A similar projection is drawn for 2016 with Nu 432M pre-tax profit.

Cement: The year 2016 could prove lucrative for the country’s largest Cement plant in Nganglam, should the current trend linger for a while.

With some positive developments in both operation and maintenance, the company almost doubled its revenue from Nu 1.59B in 2014 to Nu 2.63B last year.

Should things follow suit, bottlenecks and losses would soon become a history for Dungsam Cement Corporation Limited (DCCL) because the projection for 2016 is targeting a similar trend, which would take the revenue to 5.63B this year.

Consequently, DCCL is anticipated to register profit before tax (PBT) of Nu 432M.

For now, the company is still recovering from the huge loss it suffered in 2014 because of the high interest bearing loans. Through issue of bonds, inter-corporate borrowing and private placement of share, the cost of financing in 2015 came down to Nu 661M from Nu 671M in 2014.

Cement production between 2014 and 2015, jagged up from 198,621 metric tones (MT) to 467,742 MT. However, clinker production in the same period slighted dropped from 379,763MT to 373,836MT.

While the contractors of the hydropower projects had placed an order of 393,435MT of cement, only 214,721.90 MT were lifted from the plant.

Sources said most of the supplies made to the projects were given on credit and that it is time for the company to collect the money. Even after the account closing, more than Nu 400M is booked as uncollected dues from the contractors.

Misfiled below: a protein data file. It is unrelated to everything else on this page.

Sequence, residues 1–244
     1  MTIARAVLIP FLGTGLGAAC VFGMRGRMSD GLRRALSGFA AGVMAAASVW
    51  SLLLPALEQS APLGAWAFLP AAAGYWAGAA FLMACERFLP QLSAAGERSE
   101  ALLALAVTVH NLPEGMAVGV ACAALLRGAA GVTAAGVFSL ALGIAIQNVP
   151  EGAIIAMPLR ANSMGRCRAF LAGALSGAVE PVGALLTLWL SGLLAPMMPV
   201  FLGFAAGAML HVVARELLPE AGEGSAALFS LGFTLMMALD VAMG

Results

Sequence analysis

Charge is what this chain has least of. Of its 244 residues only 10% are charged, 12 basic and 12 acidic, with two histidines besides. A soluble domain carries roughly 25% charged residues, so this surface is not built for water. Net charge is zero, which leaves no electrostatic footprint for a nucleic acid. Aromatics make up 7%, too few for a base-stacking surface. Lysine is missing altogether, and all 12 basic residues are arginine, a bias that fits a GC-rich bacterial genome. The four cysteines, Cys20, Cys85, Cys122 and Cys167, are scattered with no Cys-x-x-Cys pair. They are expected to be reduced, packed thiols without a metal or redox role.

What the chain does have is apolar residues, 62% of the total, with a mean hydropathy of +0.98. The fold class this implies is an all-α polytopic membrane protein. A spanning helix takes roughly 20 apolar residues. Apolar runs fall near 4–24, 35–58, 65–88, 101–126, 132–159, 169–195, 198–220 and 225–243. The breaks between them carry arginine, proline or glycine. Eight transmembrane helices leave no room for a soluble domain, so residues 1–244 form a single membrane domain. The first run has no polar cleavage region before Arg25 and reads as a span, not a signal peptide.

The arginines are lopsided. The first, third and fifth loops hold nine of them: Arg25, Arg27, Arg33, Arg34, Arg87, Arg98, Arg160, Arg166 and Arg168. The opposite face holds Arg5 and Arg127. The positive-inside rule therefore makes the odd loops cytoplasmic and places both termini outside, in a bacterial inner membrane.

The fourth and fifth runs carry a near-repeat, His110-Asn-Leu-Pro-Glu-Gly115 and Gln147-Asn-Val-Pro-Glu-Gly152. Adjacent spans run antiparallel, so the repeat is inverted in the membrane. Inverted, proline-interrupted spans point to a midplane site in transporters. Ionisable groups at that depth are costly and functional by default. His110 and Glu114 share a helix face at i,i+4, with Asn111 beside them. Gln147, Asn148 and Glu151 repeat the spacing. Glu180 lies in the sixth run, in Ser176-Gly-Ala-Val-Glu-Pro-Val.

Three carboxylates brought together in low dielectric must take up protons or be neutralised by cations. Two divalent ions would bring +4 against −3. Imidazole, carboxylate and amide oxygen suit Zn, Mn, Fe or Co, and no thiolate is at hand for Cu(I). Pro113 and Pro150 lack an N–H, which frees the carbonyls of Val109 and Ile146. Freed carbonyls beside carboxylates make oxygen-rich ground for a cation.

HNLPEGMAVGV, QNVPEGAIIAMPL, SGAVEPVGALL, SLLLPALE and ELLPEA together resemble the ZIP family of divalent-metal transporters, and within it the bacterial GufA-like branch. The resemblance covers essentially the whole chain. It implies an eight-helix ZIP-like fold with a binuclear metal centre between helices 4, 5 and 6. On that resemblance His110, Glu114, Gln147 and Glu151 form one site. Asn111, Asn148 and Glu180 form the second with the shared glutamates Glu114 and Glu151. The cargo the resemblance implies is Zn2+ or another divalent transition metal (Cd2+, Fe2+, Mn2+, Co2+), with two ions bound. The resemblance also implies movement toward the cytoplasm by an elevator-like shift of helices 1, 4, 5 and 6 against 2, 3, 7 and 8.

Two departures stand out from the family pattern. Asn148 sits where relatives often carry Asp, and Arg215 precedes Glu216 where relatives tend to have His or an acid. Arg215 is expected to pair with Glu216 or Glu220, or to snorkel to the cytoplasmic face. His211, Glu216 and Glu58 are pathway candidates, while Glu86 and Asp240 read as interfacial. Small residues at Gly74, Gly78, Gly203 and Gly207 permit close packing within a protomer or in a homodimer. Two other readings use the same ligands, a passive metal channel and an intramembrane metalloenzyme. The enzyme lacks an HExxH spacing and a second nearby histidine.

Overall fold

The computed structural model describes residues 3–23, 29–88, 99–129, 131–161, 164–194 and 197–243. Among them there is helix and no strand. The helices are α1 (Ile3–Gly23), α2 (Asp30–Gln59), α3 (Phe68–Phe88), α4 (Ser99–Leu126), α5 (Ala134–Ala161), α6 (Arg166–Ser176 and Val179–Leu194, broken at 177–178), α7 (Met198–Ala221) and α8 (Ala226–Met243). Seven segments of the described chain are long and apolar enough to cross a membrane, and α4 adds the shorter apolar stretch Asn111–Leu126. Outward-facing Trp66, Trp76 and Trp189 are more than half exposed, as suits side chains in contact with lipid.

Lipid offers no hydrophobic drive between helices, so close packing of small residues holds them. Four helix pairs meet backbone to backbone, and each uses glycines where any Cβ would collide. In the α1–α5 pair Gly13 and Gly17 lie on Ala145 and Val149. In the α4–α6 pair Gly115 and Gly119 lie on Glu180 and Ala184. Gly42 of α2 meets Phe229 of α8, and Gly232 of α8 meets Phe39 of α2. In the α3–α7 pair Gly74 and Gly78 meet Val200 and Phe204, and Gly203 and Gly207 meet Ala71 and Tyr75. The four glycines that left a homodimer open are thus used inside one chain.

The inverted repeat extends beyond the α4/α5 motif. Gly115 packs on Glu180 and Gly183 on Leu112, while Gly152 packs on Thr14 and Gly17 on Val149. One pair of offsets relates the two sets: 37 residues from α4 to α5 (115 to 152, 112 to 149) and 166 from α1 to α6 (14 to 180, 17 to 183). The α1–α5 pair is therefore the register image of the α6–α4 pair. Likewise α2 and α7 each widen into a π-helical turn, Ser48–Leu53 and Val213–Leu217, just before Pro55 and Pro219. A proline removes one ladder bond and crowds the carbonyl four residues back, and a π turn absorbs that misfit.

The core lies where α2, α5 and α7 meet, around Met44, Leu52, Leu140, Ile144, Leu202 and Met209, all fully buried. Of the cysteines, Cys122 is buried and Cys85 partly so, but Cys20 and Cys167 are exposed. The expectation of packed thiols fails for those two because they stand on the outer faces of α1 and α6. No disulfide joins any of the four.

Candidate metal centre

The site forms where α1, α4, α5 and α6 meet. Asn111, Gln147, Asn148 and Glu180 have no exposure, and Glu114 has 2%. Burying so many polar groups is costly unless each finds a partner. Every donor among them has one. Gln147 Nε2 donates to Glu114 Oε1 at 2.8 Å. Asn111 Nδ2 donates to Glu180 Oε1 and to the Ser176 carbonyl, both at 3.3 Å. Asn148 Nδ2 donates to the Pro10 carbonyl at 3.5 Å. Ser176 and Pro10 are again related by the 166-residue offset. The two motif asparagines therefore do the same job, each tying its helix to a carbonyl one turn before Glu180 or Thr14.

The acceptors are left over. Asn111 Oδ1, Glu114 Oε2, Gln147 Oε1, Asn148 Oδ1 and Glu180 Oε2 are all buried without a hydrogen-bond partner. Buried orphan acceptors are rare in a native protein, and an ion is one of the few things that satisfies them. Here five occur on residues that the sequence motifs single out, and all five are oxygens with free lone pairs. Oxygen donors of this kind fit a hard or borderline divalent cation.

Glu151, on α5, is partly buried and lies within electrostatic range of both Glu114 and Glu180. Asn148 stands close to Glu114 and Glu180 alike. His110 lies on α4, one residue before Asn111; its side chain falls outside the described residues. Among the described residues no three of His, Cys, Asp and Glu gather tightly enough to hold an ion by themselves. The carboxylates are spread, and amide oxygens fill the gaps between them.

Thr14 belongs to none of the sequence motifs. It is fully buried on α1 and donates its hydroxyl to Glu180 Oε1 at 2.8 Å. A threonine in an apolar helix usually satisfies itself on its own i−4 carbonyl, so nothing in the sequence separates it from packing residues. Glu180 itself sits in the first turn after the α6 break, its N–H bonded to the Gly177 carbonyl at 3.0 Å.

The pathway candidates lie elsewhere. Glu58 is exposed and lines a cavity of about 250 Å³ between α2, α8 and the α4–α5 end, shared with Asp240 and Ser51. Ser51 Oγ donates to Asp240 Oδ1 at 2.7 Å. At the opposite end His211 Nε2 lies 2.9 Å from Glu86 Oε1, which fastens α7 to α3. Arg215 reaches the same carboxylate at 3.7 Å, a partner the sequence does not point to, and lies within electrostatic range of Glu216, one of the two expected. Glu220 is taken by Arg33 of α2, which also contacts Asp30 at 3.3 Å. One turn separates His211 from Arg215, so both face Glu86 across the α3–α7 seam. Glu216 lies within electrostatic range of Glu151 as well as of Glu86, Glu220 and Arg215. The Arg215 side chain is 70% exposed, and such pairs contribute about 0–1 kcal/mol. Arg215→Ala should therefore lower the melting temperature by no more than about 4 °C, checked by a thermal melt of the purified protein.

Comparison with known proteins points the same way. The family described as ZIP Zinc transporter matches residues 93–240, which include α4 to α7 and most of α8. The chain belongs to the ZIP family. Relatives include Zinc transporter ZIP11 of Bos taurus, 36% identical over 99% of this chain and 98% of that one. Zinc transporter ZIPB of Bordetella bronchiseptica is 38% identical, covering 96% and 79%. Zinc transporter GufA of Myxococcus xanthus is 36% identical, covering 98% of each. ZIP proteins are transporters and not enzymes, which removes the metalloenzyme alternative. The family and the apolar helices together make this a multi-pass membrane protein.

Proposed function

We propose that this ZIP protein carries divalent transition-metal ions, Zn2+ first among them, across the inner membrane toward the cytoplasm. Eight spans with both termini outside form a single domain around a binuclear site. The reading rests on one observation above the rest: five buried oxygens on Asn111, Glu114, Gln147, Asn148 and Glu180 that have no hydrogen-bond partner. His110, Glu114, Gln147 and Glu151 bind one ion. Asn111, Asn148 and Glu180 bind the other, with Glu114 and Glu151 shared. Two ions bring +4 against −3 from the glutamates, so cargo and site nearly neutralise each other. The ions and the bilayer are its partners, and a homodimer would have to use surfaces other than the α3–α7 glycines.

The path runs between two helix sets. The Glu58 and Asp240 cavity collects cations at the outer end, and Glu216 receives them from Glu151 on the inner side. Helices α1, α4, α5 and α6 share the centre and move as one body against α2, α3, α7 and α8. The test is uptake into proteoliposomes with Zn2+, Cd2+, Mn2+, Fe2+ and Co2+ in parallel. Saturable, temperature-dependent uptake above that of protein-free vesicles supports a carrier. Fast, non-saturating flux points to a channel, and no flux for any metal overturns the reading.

However, the contractors too depend on the funds project authorities releases.

DCCL’s deputy chief executive officer, Karma Gayleg said the overall plant capacity has seen a steady increase over the last five months. “In the coming months, we are expecting that the capacity will further improve.”

After DCCL hired Humboldt Wedag India, last year, the average production capacity upped from 37 percent to 67 percent. But on daily basis, a DHI official said the production capacity is more than that.

He further clarified that the total production capacity was based on three types of cement, the company intended to produce. But DCCL currently produces only two types of cement and this will have implication on current production capacity.

“Within 2016, we are hoping to achieve anywhere between 75 percent to 80 percent production capacity,” he said.

Humboldt is required by contract to enhance capacity utilisation to 60 percent within three months, 65 percent in six months and 90 percent in a year.

So far, the deputy CEO said DCCL had been able to sell the cements to entire North Eastern Indian states such as Assam, Arunachal Pradesh, Manipur, Mizoram, Meghalaya, Tripura, and North Bengal region including Sikkim and East Bihar.

In the domestic market, DCCL has 88 numbers of authorized dealers spread across the country as a direct outlet for our cements.

“As we pick up our business, we intend to aggressively market further expansion into both the export and domestic markets. Our objective is to focus on selling 80 percent of our cements to India, to earn INR,” Karma Gayleg said.

DCCL, he said is also trying to cut costs by maintaining optimum employees, withholding the pay increment and allowances till the company’s financial situation improves, limiting expenditure on travels and trainings, reducing the administrative costs, saving power and fuels consumption and optimization of raw materials purchase.

Tshering Dorji


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